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Wednesday, 28 March 2012

The family house (Πατρικό)

The question of allowing children to play outdoors has received heated debate in recent years because of the increasing dangers associated with unsupervised play in modern times. On the one hand, children playing outdoors without supervision fuels their creativity, improves their social skills, and keeps them healthy and energetic by taking them away from sedentary indoor activities like web-surfing and tv-watching, and putting them into an environment where they are constantly moving. Another added bonus in my case is that they will be breathing fresh air in the aromatic Cretan countryside.
In the summer, there are more people living in the area, as the neighbourhood overflows with visiting πρωτευουσιάνοι as we like to call them (Athenians, otherwise known as 'capital city dwellers'), people who come to stay in their summer houses, which are usually old Greek village houses, usually the homes where their parents are living, or where they themselves were born (and/or inherited), which is why these houses are often referred to as πατρικό - the paternal home, ie the family home. Nearly all of these people bring their children/grandchildren with them. In the winter, there are only a few other children in the area, which has its advantages: you generally know where to look for your children if they've wandered off. This is a luxury in modern times; in urban neighbourhoods, this is the main reason why children are not allowed to wander off on their own. The neighbourhood is also blessed with some child-friendly zones, like a children's play area and a mini-soccer pitch, all with close and almost visible range from our house. These facilities are well used throughout the year, especially the latter, which is frequently booked by teams or groups who come to practice their skills. The country paths criss-cross olive groves and grazing pastures, and the traffic is minimal - mainly neighbours' vehicles - making the area quite safe for bike riding and free wandering.



We recently bought the children new bikes and helmets to replace the old gear-less ones that they had used to learn to ride on. These old bikes were too small and hence very uncofortable for them to ride for a long time. We had delayed doing this as much as we reasonably could because we knew that once they got their new bike, there would be less control over there movements.

In the beginning, it was a bit of a chore having to look out for them on the road. In the summer, there are more people around to look out for each other's children, who are often playing together in someone's yard or the park, but in the winter, this is not the case at all. In larger groups, they are easier to control; in smaller groups, they wander off and are difficult to spot because they are much quieter. I often end up taking a little walk myself around the immediate neighbourhood to check out their whereabouts and what they are up to, which turn out to be quite innocent.



One day, after I'd let them loose on their bikes, I found some toys in their bedroom which I knew weren't their own. I asked them where they came from. They gave each other knowing looks.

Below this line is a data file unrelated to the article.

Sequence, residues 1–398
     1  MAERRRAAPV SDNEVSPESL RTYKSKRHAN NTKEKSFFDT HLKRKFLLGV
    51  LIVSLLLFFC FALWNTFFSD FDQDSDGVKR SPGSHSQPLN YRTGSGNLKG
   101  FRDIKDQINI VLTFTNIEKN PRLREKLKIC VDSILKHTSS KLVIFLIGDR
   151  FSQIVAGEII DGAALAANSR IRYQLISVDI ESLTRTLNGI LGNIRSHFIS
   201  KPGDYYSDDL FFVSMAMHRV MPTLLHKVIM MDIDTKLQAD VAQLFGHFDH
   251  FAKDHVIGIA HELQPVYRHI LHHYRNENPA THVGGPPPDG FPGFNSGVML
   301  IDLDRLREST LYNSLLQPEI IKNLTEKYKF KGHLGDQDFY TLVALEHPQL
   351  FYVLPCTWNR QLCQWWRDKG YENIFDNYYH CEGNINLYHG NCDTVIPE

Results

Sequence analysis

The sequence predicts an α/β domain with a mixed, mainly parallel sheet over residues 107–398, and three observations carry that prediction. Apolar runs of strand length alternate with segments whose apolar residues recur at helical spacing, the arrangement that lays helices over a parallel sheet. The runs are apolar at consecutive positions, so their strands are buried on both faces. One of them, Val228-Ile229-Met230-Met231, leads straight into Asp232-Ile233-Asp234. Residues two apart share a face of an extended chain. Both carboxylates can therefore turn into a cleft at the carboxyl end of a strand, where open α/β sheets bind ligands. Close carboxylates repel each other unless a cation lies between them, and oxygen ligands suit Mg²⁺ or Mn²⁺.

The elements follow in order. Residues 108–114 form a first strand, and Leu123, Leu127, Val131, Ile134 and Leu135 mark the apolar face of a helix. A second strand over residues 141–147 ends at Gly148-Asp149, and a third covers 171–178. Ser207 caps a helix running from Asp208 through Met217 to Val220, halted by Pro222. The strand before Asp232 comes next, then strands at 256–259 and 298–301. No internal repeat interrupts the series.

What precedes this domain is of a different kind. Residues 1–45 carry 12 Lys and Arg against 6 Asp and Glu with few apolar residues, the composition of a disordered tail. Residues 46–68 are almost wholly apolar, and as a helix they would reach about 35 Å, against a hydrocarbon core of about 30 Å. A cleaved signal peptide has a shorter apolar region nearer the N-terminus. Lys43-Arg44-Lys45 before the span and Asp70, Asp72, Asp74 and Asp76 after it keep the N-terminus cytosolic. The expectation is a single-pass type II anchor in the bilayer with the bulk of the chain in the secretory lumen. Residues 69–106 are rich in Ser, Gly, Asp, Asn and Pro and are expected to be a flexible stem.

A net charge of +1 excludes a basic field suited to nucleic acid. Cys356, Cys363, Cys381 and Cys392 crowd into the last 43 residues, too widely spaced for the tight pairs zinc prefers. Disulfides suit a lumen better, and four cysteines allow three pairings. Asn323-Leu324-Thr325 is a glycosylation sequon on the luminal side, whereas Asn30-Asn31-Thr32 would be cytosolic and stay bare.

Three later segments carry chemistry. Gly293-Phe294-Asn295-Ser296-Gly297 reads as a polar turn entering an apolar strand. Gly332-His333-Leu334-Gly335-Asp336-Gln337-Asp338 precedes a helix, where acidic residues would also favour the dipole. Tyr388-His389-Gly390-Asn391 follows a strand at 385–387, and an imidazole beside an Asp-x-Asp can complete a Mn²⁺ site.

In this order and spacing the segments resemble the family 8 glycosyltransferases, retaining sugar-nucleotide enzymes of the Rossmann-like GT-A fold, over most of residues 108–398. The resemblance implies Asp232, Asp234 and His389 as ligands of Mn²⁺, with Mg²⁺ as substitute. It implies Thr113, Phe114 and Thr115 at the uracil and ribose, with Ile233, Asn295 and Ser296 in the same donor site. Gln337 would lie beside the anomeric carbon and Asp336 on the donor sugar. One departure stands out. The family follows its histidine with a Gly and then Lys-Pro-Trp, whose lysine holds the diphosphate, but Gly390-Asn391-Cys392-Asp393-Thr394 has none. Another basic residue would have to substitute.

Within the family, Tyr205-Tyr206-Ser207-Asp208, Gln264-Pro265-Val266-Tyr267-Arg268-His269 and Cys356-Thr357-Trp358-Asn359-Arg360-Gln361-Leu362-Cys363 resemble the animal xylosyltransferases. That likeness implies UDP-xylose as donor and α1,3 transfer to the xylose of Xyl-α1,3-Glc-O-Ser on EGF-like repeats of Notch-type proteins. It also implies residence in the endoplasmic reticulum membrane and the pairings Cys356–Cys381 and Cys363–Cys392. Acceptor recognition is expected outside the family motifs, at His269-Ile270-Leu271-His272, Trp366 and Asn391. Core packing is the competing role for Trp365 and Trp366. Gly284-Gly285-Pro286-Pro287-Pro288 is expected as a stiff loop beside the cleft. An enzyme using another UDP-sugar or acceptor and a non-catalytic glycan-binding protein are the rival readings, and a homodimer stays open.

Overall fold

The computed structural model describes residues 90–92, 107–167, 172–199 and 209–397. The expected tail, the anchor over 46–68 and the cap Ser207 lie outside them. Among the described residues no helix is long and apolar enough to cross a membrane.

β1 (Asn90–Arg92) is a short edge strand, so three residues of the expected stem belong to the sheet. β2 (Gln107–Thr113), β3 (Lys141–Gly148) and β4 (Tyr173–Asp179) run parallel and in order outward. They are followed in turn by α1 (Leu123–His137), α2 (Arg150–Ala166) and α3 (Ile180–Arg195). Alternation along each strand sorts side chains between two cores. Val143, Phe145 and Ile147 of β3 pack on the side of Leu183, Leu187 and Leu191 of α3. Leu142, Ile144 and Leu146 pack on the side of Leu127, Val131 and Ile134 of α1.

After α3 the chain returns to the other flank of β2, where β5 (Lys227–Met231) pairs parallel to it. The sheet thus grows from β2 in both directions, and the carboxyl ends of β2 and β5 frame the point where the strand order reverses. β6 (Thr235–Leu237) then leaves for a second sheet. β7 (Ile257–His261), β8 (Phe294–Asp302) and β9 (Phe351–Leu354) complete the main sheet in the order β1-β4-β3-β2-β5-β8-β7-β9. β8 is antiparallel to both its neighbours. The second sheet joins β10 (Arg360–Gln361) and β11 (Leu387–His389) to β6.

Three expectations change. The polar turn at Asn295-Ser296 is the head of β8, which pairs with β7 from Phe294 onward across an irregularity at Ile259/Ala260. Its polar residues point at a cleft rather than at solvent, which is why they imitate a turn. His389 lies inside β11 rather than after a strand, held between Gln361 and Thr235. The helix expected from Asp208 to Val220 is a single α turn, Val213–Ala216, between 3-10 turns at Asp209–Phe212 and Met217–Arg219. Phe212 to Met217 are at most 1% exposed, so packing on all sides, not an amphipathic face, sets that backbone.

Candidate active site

"We found them in the park," one answered.

"Don't believe you," I replied.

"Alexandra gave them to us," the other added.

"Now I really don't believe you," I said, and told them to take them back to the park where they claimed they found them.


Another day, the same thing happened. This time, I marched them to the park and told them to show me where they found these objects. I knew that they wouldn't tell me the truth there and then, but eventually, given time, the truth surfaces by itself. It turned out that there was an old property behind the park where an old woman lived until she died. Since then, the house stood vacant and lifeless, like so many in the general area. Old houses are rarely demolished to make way for new houses. This is a trademark of Greece which gives its nostalgic look. Few tourists would be endeared to the Cretan countryside if it weren't for these delapidated edifices, looking almost like ancient ruins themselves, and hinting to our not-so-distant past, which on the durface looks so different to the image of modern Greece today.



The house itself was locked up, but the small derelict crumbling storeroom was not. This small dark room was attached to the house, but it was quite separate to it. It might have had a multiple number of uses when it was originally built. It was clearly built for storage purposes. Animals may have been kept in it in its early years. It was possibly used as a kitchen at one point. The items contained in it were worthless: old newspapers, nets for collecting olives, dusty plastic water bottles, broken crates for collecting agricultural produce, among other remnants of a former agricultural household's paraphernalia.

There were also some children's toys in a cardboard box, the only item that looked reasonably new among the other articles. The toys were probably being used by children holidaying in the area in the summer. They are worthless too. But not in the eyes of another child. The same thing applies for the old house. It's worthless and probably needs to be demolished - but a house is a house, property is property, and in Greece, that's a big deal. Especially if it's your πατρικό.


The houses in the photos are not of my own neighbourhood but they are situated relatively close to it and I pass these ghostly images almost daily.

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